Next month we are heading back to Negril for our sixth and final visit. The small resort town has checked all the right boxes for us, more so than anywhere else on the island. Old school fans of Negril say that it has grown beyond recognition and that its former laid back, hippie style has been replaced with large, modern resorts that suck all the charm out of the place. Although I never knew it in the old days, I can see evidence of both Negrils. Hippie Negril is still there in West End with cute little cook shops, tourists shacks and bakeries selling hash brownies. It is looking a little run down now, and the cars roar past on the sidewalk-less road, making it hard to stop and look around. But there are some pretty nice cliff-top hotels too, where we’ve considered staying. The new Negril, situated on a long stretch of its famous beach, has expensive, high-end resorts with butler service, tropical cabanas, lounge chairs and destination wedding facilities. But for us the attraction has been neither.
The Negril we discovered was a resort village with 200+ small, individually-owned units on the north end of seven mile beach, just past the luxury resorts. The development is private and over twenty years old, and clearly had maintenance issues going on. We liked it immediately, even though it was a little frayed around the edges. But in the last year the management association has really worked to fix up the swimming pool, paint were its needed, and tear down the old buildings. It just a short time, it has smartened it up quite a bit.
Point Village has three, small sandy beaches that are clean and quiet. There are no vendors to bug you. The water is pretty and the swimming is easy. We like the coastline very much.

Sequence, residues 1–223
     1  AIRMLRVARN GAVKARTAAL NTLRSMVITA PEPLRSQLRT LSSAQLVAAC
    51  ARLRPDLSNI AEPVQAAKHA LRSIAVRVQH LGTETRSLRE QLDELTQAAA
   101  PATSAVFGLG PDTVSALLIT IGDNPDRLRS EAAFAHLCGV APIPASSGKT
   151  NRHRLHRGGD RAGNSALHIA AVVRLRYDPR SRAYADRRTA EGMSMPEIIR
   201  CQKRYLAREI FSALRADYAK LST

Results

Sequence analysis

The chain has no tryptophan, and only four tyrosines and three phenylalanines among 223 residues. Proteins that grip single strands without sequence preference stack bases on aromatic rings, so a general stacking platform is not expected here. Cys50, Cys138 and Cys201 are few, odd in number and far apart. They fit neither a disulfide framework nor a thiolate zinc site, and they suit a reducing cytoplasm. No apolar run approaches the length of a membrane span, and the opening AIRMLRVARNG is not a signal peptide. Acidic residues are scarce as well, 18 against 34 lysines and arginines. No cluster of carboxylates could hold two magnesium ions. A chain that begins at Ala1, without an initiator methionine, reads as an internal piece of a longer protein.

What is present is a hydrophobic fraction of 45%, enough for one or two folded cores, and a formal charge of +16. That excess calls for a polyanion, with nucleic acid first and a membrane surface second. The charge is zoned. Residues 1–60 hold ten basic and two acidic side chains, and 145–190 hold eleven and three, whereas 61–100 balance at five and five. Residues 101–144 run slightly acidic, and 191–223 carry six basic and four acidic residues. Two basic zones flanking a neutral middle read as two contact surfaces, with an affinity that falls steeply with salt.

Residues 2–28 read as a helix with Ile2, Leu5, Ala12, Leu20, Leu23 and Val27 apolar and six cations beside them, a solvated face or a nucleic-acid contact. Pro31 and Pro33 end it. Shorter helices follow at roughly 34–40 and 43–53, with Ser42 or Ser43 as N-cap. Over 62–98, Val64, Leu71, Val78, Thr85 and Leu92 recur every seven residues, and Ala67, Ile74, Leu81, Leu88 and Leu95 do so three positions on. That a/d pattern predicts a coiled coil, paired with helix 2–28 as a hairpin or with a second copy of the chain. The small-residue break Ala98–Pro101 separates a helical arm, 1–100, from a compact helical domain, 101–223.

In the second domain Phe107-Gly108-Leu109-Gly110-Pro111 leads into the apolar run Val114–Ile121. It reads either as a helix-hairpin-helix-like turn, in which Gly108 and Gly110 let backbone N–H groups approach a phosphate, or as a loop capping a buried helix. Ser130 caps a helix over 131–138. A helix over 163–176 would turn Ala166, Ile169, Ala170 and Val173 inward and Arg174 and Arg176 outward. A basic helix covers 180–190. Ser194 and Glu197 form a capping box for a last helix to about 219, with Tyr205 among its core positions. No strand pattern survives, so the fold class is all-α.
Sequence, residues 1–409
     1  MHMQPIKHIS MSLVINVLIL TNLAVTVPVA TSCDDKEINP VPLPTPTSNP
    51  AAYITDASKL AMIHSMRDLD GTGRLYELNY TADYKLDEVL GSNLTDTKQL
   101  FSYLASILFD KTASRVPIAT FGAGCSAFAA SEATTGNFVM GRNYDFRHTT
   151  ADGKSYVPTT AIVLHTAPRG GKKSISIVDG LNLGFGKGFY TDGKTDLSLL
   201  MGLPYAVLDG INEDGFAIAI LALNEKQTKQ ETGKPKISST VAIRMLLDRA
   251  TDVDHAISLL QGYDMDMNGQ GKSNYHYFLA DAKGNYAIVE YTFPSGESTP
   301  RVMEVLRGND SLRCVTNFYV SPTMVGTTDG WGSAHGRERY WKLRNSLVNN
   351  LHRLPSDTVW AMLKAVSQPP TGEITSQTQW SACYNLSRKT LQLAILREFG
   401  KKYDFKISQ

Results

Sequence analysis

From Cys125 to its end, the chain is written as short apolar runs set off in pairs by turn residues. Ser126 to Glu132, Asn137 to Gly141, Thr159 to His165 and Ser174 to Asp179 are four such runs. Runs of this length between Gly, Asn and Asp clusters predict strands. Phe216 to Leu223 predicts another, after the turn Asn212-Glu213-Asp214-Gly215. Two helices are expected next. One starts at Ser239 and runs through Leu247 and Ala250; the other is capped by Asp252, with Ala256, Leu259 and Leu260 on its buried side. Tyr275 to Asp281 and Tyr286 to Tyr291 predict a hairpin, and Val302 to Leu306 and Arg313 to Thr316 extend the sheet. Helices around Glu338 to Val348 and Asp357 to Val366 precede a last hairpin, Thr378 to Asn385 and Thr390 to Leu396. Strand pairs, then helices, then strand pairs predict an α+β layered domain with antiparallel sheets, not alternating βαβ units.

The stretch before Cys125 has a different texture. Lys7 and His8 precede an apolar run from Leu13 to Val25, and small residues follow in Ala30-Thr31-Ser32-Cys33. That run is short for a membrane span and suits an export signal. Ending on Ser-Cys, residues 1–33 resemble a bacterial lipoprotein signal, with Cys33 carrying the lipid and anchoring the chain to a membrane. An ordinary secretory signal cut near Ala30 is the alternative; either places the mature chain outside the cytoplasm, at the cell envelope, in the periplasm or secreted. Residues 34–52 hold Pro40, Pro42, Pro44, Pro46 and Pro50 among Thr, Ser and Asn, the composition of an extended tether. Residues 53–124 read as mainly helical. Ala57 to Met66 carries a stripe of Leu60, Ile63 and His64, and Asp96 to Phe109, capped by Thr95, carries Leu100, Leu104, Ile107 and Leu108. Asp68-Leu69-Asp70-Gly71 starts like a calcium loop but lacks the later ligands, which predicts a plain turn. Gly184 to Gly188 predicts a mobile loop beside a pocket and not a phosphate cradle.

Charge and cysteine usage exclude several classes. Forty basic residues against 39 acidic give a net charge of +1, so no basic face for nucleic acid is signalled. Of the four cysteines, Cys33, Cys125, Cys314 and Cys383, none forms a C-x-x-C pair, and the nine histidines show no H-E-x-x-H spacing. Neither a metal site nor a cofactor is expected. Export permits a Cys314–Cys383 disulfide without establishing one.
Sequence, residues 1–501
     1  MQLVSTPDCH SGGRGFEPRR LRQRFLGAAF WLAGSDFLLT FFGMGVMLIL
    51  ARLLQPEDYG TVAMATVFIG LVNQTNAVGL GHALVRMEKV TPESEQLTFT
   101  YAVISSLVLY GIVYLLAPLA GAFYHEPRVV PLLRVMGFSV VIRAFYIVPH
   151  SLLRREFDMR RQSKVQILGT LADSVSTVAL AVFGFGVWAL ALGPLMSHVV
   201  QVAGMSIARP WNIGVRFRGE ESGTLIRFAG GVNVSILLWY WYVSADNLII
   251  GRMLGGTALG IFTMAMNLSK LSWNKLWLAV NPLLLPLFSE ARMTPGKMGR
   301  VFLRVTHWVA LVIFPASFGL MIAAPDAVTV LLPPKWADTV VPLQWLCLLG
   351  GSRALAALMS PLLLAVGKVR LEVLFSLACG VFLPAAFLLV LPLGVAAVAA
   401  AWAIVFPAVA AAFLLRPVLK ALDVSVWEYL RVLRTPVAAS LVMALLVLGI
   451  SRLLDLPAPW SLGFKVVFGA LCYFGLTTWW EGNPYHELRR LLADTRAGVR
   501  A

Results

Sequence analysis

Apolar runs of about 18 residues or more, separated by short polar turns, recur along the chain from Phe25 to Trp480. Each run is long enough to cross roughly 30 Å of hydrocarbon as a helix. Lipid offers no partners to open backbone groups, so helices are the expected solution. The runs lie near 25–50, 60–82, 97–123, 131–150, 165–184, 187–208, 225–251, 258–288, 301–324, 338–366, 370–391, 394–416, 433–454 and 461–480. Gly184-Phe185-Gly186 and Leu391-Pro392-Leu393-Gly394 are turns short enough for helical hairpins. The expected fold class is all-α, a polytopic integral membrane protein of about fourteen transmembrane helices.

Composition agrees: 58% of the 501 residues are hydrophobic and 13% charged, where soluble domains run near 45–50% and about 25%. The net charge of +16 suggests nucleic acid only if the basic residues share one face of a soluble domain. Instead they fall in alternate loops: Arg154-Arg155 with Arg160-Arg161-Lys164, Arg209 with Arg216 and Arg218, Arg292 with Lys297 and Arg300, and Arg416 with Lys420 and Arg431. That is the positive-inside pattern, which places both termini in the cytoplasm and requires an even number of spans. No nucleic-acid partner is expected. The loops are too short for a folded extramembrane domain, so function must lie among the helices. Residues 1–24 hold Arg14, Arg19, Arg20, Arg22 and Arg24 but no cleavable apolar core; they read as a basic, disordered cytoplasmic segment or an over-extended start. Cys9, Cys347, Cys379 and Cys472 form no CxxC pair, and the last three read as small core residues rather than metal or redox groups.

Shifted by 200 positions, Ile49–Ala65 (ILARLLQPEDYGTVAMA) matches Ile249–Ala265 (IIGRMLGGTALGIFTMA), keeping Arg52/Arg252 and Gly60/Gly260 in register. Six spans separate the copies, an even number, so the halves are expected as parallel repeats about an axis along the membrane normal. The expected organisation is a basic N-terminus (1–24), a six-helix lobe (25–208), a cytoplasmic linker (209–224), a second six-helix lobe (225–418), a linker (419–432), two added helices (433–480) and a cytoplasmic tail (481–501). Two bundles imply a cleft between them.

The units there are also priced reasonably. For about $125/night you can find a 1-bedroom or studio unit. They all have small kitchens were we can reheat food we have brought from Kingston and not spend a fortune eating out three times a day. As they are individually owned, they vary a great deal in quality. We’ve been a few times to the same one now, which has become a favourite with its sliding glass doors, shaded balcony, and views straight out to sea. Opposite is Booby Island, where we watch the little boats chugging back and forth with a handful of tourists on a visit. Most special of all is the spectacular sunsets every evening, right from our balcony:
A short walk away is the beginning of seven mile beach. Getting there involves walking through the nudist resort of Hedonism II, where everyone is letting it all hang out — most literally, I’m afraid! You get used to it though, and we just head through with sunglasses and a purpose, and you end up at the north end of Sandals resort and the beginning of miles of sandy walking. Unusually, Negril doesn’t allow the hotels to section off the beach to non-residents, so its possible to walk the entire length if you wish. This is an enormous bonus. Most large resorts take the best beaches and then stop public access. I’m so glad that the Negril township had the good sense to realize that open access to the long expanse of their beautiful beach is an important reason why people come.
Then its nice to walk back in time to capture the evening sunset from your balcony or watch the crabs on their evening walkabout down by the rock pool. I know many think we live a glamorous life because we access to places like this, but this is not everyday life. The more challenges present where you live, the more you need to get away once in a while. I wish it was closer, as its a four hour drive each way, but I’m so glad we found this place and could continue to visit regularly during our stay in Jamaica. This is probably the place that I will miss the most.